Let me start off by saying I’ve never been traded. I was expansion-drafted by Portland, which is an entirely different story, but I’ve been almost traded a half dozen times that I know about. Many of my teammates, however, have fallen victim to trades over the years.
As a player your primary thoughts and objectives center on getting first team minutes so you can help your team win games. But because rosters can have up to 30 players and only 11-14 play each week, sometimes trades can be a way to find a place where you are more wanted and can get more first team minutes. The process of getting traded, however, can be difficult to deal with.
As a player two feelings come to mind when trade rumors swirl:
- First is the feeling that your current team has lost the love. It’s like having a girlfriend break up with you and immediately choose someone else to replace you. Feelings typically get hurt and the business of soccer can be taken quite personally, at times. All you need to see is the frequency with which former players score on their previous teams to understand what I’m talking about. It’s like showing up your old girlfriend, saying, “See what you missed out on?”
- Second is that with this particular breakup, you immediately start a new relationship with a team, organization and city that brings back the love. And the quicker you can get over the old breakup and start building the new one, the better.
I can honestly tell you I hated the idea of being traded and it could have cost me my career.
Let me explain.
Last season I was injured for most of the first half of the season and upon my recovery and progression midway through the year, I walked into the coach’s office and said, “I am ready to play and deserve to be on the pitch helping the team.” However, unbeknownst to me, in my time away from the first team, the organization had made other plans and our coach informed me I would likely NEVER play again with the first team. He told me I could stick it out for the year or try to get traded elsewhere. I should have immediately set my pride aside and just figured out a way to get traded.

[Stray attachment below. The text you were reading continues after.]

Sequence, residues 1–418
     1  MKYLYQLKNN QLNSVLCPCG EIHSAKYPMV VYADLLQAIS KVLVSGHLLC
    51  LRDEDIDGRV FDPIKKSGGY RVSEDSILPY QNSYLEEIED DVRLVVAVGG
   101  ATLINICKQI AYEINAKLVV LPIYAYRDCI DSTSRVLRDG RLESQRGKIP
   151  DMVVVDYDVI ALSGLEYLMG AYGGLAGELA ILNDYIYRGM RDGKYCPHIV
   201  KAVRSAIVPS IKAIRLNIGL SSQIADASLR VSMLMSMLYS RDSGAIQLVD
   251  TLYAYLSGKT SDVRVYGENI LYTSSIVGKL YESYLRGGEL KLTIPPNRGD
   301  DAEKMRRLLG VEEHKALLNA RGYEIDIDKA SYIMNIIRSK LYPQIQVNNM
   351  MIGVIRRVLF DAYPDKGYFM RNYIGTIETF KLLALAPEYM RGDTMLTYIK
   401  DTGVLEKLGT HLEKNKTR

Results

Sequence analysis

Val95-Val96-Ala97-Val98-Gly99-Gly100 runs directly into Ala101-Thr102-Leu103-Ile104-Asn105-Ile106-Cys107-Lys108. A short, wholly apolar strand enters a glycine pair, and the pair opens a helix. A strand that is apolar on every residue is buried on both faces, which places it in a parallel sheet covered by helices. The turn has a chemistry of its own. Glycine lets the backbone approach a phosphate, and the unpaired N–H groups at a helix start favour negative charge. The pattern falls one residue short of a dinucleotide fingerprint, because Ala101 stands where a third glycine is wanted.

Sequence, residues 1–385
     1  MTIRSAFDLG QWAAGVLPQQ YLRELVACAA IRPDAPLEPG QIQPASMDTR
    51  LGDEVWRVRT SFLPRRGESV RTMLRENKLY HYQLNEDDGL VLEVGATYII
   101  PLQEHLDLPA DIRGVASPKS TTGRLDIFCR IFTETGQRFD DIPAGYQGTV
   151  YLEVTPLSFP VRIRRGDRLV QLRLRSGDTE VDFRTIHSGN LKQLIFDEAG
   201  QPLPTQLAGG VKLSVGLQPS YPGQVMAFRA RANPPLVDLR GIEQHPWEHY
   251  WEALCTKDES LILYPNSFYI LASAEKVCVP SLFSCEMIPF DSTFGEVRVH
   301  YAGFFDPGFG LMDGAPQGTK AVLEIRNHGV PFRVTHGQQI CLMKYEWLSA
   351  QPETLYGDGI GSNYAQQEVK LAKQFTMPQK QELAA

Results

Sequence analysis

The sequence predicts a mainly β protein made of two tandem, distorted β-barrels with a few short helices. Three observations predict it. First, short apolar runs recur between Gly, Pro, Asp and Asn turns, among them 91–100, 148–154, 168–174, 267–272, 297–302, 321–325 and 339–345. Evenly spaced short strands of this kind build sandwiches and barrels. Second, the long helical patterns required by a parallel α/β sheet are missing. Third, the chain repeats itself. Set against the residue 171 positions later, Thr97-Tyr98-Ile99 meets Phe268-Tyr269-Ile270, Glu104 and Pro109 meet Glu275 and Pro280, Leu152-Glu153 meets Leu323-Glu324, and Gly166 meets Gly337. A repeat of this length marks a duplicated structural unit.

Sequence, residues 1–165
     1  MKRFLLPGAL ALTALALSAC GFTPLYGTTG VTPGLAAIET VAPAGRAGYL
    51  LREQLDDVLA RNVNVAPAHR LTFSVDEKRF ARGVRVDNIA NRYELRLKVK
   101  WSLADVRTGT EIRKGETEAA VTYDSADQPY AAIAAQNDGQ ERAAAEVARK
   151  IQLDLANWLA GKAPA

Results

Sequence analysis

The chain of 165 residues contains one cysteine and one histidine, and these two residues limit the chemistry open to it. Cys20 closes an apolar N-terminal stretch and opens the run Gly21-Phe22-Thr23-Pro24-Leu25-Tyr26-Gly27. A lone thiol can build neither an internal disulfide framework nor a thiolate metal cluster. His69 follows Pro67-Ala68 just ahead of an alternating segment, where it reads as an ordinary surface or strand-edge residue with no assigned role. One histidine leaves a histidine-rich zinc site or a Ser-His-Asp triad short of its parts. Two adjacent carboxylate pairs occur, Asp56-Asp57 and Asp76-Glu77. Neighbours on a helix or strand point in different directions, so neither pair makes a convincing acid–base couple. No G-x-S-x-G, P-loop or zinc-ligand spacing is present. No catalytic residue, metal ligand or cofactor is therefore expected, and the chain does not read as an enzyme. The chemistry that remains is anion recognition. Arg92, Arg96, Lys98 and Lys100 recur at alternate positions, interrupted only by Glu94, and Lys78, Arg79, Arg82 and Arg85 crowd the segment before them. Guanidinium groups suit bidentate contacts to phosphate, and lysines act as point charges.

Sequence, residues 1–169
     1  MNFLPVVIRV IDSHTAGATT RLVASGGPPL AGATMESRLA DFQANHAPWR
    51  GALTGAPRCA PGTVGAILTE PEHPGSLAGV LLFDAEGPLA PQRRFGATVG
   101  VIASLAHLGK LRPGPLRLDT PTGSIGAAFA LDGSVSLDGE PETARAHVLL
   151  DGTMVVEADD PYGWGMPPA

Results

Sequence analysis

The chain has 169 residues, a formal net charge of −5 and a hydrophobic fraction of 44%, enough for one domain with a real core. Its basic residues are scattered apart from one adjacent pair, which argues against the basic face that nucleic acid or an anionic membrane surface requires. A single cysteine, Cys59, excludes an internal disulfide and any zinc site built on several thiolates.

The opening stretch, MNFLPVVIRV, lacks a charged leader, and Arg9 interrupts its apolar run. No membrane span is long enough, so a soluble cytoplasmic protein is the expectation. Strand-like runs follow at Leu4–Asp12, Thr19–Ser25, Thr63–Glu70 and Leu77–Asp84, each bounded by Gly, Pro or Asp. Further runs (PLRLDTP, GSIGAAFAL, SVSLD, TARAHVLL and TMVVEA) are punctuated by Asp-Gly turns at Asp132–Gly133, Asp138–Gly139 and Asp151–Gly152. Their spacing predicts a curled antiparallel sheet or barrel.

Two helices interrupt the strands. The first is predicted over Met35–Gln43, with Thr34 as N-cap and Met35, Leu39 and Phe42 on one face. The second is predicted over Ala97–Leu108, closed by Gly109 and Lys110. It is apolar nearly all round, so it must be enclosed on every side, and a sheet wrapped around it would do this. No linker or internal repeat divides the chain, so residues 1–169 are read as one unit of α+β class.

I didn’t. My pride wouldn’t let me.
Instead I decided I’d stick it out and tried to prove him wrong and earn my way back into the good graces of the organization. After months of good practices and reserve games, I began to see that they were serious in their position and with only weeks remaining in the trade window, I started actively pursuing a trade to another team. My efforts were too little too late as most teams had already made their personnel moves.
I know trades weigh heavily on players’ minds. It was a huge factor my last two seasons in MLS. In fact I can’t help but think what could have been if I had pushed for a trade or tried to go elsewhere where there was more demand for my services. Ironically, the Houston Dynamo were a team that repeatedly inquired about me over the years and I can’t help but think how things could have been different if I had been traded there and became part of that postseason powerhouse.
But sometimes trades happen and other times they don’t. You can see some coming and other times you can be blindsided. I know Troy Perkins didn’t see his trade from Portland to Montreal coming and was none too pleased about it. But trades are as much a part of playing pro sports as collecting your paycheck. Credit goes to Troy for handling it like a true professional because there are times when an organization will let you know there is interest from other clubs and times when they don’t. They can allow you to leave or push you out the door.
And those trades can affect how you live your life. Do you buy that condo or sign that new lease? Do you move your family? Are you going to stay 5 years or 5 months? It’s a game of constant worry and a tough one to play when you are a pro athlete not making millions of dollars. So do we worry about trades, yes we do. But worrying got me nowhere. All I tried to focus on was playing so at the end of the day, I had no regrets about the professional I was and the product I was providing to the team. The rest was out of my control.